The beginning of the school year is always full of possibilities, and I’m so excited to start a new adventure with my students this year.
I found new ideas for personalized learning through two sources this summer. Empower by John Spencer and A.J. Juliani is so incredibly inspiring! The book is focused around the idea of students owning their learning. I was also inspired this summer by hearing author Barbara Bray speak at ISTE 2018. Her books about personalized learning are a great resource for teachers!
What is personalized learning?
Geek Out Blog
In addition to the ways in which my students used their blogs last year, I’d like to add what Spencer and Juliani call “Geek Out Blogs.” This format allows students to select the topic, format, and information they publish. They are able to "geek out" about what they love while owning the entire writing process from brainstorming to researching and publishing.
Personalized Learning Paths
I began using a blended learning model in my class about a year and a half ago. Over that time, I’ve learned to create online content, track student progress, connect online and face-to-face learning, and engage students through gamification. My next step is to create multiple learning paths for students. Multiple learning paths means that students have many paths and resources available to best meet their learning needs. This will empower students to reflect on their progress and make informed choices about what support they need to be successful. The map below shows three learning paths within Classcraft, the gamified learning platform I use.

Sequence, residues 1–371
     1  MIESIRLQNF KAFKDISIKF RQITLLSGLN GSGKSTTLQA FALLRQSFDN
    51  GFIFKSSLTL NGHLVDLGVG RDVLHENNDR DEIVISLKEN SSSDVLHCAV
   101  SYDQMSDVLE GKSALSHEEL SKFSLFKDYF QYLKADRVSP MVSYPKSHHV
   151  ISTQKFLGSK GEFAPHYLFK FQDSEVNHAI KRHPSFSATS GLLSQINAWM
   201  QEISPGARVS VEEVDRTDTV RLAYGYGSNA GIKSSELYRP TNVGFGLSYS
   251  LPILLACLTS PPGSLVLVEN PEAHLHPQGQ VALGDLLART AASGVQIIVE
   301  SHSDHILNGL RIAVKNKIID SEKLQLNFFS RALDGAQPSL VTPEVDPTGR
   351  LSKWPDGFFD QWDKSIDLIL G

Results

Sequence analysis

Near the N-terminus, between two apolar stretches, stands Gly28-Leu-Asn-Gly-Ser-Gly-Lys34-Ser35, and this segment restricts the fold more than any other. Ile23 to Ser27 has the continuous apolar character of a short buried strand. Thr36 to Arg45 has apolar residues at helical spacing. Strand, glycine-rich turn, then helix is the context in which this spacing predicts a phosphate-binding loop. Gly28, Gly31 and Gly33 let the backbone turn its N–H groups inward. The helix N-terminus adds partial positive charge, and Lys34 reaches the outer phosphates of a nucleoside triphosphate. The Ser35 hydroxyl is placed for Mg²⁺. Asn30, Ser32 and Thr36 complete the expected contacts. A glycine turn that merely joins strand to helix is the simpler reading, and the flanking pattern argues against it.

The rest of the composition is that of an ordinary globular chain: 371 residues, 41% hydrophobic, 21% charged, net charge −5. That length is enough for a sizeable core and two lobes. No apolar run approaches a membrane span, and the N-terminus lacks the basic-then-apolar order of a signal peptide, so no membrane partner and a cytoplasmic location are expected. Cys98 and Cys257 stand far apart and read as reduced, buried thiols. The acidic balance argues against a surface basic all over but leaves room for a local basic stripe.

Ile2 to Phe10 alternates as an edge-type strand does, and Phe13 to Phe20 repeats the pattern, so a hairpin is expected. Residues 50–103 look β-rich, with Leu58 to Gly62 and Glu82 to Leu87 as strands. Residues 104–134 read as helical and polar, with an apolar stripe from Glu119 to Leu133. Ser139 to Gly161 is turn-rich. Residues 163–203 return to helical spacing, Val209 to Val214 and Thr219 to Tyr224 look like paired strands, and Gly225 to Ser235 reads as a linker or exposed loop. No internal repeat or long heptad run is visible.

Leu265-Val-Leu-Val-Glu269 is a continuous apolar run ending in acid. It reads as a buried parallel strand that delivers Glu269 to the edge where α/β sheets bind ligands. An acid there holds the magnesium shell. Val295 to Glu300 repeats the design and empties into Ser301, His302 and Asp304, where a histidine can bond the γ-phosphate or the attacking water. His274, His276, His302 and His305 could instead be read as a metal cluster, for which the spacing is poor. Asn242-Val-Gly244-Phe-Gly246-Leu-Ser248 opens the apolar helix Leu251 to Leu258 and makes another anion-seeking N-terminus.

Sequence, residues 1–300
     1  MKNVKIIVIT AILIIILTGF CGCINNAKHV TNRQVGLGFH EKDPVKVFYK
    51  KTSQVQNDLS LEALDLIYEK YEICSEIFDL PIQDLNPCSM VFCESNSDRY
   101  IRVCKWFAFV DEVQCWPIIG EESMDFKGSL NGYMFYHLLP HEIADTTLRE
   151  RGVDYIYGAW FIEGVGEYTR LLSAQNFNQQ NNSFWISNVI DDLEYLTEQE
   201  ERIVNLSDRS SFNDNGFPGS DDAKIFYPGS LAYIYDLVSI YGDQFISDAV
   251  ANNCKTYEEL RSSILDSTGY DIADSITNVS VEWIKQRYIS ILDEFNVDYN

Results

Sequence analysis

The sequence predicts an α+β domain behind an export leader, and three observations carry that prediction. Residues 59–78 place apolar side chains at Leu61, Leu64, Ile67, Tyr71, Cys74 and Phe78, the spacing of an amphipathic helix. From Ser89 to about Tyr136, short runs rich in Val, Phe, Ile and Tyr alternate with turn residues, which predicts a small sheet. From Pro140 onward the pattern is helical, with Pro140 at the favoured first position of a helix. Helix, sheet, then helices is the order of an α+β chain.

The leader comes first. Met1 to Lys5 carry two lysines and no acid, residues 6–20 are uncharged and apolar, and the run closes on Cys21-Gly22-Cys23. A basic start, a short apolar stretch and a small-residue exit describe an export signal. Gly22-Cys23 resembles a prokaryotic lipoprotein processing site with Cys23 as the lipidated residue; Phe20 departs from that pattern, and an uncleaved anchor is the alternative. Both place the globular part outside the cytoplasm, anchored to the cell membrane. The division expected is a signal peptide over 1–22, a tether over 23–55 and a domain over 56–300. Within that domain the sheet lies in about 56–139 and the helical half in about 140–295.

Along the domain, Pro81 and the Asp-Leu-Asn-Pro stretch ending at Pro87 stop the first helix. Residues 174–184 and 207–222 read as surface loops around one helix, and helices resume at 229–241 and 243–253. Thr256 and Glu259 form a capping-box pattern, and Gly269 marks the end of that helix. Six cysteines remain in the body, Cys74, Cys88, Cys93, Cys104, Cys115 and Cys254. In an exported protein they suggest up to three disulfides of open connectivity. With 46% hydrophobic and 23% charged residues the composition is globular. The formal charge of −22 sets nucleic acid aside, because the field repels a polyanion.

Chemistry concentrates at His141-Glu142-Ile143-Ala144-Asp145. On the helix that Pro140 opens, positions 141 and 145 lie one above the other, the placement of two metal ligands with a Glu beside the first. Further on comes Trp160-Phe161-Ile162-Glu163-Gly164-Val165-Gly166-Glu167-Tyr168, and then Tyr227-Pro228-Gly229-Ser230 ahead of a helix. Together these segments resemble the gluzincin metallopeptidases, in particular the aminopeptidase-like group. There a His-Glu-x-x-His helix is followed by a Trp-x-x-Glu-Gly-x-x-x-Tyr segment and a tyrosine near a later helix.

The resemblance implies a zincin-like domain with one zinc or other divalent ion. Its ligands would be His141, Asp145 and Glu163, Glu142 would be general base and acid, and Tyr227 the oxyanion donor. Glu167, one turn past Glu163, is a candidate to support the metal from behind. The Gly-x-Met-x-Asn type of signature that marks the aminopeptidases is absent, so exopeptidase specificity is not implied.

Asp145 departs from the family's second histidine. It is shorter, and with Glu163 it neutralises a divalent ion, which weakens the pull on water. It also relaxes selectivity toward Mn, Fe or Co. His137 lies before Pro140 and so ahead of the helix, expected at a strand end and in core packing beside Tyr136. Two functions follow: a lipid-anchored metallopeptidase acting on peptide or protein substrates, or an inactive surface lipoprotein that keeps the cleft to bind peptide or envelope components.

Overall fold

I’ve been interested in trying passion projects, 20% time, or genius hour for a while now. Did you know that Google employees spend 20% of their work time pursuing projects of their own choosing? This concept has fascinated me. If we truly want students to be intrinsically motivated to learn and create, then I think this is a great place to start. This year, I’ve considered our district curriculum units and have chosen one unit where I can begin implementing a choice-driven project.
Spencer and Juliani challenge teachers to choose one week, possibly right before a longer break or at the end of state testing, where students are given time to explore a topic or idea they are fascinated by. The idea here is to promote student curiosity and creativity. I am looking forward to exploring and creating with my students in this way!
Have you had success personalizing learning with your elementary students? I’d love to hear about what you have tried or would like to try with your learners!
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